According to the data given in table 1, the isometric treatment set for the pre and post measurements remained dissimilar at a 95% confidence level for the entire left and right single leg bridge test and had a mean of 29.85 and 28.80 respectively. Additionally, the standard deviation was 7.34 for the left and 4.62 for the right. In contrast, for the eccentric set the mean was 26.97 and 29.42 for the left and right while the standard deviation was 5.59 and 6.72 respectively. This indicates that isometric training is more effective compared to the eccentric training; therefore it should be applied during exercises. The first main finding of the study is that there is that eccentric hamstring muscle training is less effective compared to isometric training. The results indicate that eccentric exercises did not produce the expected muscle activation levels therefore putting the participants at risk of re-injury.
In this study, one of the main reasons why hamstring muscles are susceptible to injuries is because of their structural arrangement. The hamstring muscle group is a biarticular group which work by extending the hip and flexing the knee. During daily movements, flexion of the knee and the hip take place simultaneously, with contrasting effects on the length of the hamstring. In Gaelic Football, hamstring injuries normally occur when players are running.
The other finding of the study is that the phase of muscle contraction that takes place when muscle shortens is referred to as concentric whereas the contraction phase that takes place when the muscle lengthen is referred to as eccentric. In daily activities, concentric action initiate movements while eccentric ones slow or stop activity. For example, when a Gaelic Football player is running with the ball, the quadriceps muscles propel him forward with concentric actions whereas the hamstrings can reduce running by slow the running. In order to prevent injury and main top performance throughout the entire process, it is important to strengthen the two phases of muscular contraction.
The study also establishes that resistance exercise programs are highly recommended for strengthening of muscles. Eccentric muscle strengthening is particularly important to athletes involved in physically demanding sports like Gaelic Football and rugby. Some of the common resistance training programs range between two to six months are normally designed overload or overwork the muscle therefore increasing its strength, size and power (Schache et al., 12). Many of these programs concentrate on overloading the muscle during the concentric phase, like in biceps or leg extension.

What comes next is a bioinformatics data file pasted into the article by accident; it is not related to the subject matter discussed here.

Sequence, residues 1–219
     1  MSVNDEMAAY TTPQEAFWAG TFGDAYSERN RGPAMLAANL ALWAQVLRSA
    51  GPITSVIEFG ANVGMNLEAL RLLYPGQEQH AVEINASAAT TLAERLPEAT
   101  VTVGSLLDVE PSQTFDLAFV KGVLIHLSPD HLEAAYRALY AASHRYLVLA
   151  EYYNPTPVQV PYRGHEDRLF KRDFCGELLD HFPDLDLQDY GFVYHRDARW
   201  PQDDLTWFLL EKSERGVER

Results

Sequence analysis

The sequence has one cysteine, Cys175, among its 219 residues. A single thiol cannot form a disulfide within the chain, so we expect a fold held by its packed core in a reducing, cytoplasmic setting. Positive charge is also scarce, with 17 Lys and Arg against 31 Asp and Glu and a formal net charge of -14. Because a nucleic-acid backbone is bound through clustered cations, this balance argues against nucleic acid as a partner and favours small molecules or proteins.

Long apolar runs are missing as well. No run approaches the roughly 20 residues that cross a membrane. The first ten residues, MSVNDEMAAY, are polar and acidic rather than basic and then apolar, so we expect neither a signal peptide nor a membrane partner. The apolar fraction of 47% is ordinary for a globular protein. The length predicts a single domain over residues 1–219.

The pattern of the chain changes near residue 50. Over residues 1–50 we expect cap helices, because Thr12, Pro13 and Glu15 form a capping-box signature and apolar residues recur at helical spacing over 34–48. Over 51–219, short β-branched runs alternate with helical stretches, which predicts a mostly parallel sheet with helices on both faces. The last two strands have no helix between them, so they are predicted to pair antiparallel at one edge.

Comparison between interventions in the study and those from past research
Compared to interventions from past research, the ones contained in the research are superior because they take into consideration two factors that previous research ignored. To begin with, the interventions in the research are based on superior and more advanced muscle physiology (Kyrolainen et al., 14). Moreover, these interventions are designed for specific muscles groups therefore making them more effective. As pointed out earlier, training programs from past studies concentrated on overloading the muscle during the concentric phase, like in biceps or leg extension. Thanks to training science, the interventions in the study emphasize the eccentric phase of muscle action.
Due to the fact that an individual can lower more weight than can lift, programs and equipment in the study are designed to take advantage of this. It is normal for individuals to feel like they are exercising at a low level of muscle effort during eccentric workout compared to concentric workouts. Traditional eccentric hamstring exercises involved lifting a weight during the concentric stage and lowering a weight during the eccentric phase. These exercises were designed to maximize strength gain (Kyrolainen et al., 11).
Practical implications and recommendations based on the results